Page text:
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Daniel Callahan, in his thoughtful essay, sums up the consensus among ethicists regarding rationing: “if not at once, then sooner or later, rationing will be necessary; bedside rationing will not be acceptable; rationing will have to be done at the policy level; . . . not case by case.” But as he points out, “there is a deeply embedded hostility to government interference in the doctor-patient relationship,” and efforts to make decisions at a policy level seem fraught with politics.

Is there an alternative? Perhaps we could maintain the current level of patient autonomy in decision-making, but ration our resources. What if each individual, at some predetermined advanced age or at the onset of some predetermined health condition, were allotted a fixed amount of money to be used for health care? The funds might be used to treat trauma, dementia, prolonged coma, the persistent vegetative state, or heart, liver, or kidney failure, or they could be used to purchase hearing aids or physical therapy sessions. The decision would remain with the patient or the family. With trauma or coma, the funds could be used quickly in an intensive care unit, more slowly on a regular hospital unit, even more slowly at home or in hospice. If the patient dies, half of any residual money in his or her account would go to the estate, and half would be returned to the government, thus removing an incentive to prolong care. If the money runs out before the patient dies, then the patient could use his or her own funds, or receive only comfort care.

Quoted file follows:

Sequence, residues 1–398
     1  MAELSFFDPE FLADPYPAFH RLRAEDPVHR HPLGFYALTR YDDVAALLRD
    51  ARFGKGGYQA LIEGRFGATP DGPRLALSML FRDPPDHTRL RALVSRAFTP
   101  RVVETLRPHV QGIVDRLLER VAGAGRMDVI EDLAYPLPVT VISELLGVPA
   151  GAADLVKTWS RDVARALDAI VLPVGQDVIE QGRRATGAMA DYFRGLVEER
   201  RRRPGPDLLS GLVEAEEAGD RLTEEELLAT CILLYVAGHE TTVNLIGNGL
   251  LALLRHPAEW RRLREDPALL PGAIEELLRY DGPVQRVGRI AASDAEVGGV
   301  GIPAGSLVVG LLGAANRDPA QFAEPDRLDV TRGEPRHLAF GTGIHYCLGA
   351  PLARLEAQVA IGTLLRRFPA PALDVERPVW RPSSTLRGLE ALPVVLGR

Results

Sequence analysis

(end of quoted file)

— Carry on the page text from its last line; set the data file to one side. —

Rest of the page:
Such an approach would maintain the patient’s and the family’s autonomy while limiting the currently unlimited costs of end-of-life care and possibly discouraging the use of some expensive therapies or devices. Such a policy would also remove the potential biases of “death panels” and would strengthen the physician-patient relationship: the physician would need to explain possible outcomes, different scenarios and their costs, and the unclear benefits and exorbitant prices of some new medicines and devices. (Materials to aid in these explanations should be developed by the government and health care organizations.) The appropriate age to institute an individual’s fund and the amount of funding allotted could be determined actuarially.

Copyright © 2011 The Hastings Center
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Eric J. Cassell. "Rationing and Reality." Hastings Center Report 41.6 (2011): 4-4. Project MUSE. Web. 9 Jul. 2014. <http://muse.jhu.edu/>.
Cassell, E. J.(2011). Rationing and Reality. Hastings Center Report 41(6), 4. The Hastings Center. Retrieved July 9, 2014, from Project MUSE database.
Eric J. Cassell. "Rationing and Reality." Hastings Center Report 41, no. 6 (2011): 4-4. http://muse.jhu.edu/ (accessed July 9, 2014).
TY - JOUR
T1 - Rationing and Reality
A1 - Cassell, Eric J.
JF - Hastings Center Report
VL - 41
IS - 6
SP - 4
EP - 4
PY - 2011
PB - The Hastings Center
SN - 1552-146X
UR - http://muse.jhu.edu/journals/hastings_center_report/v041/41.6.cassell.html
N1 - Volume 41, Number 6, November-December 2011
ER -

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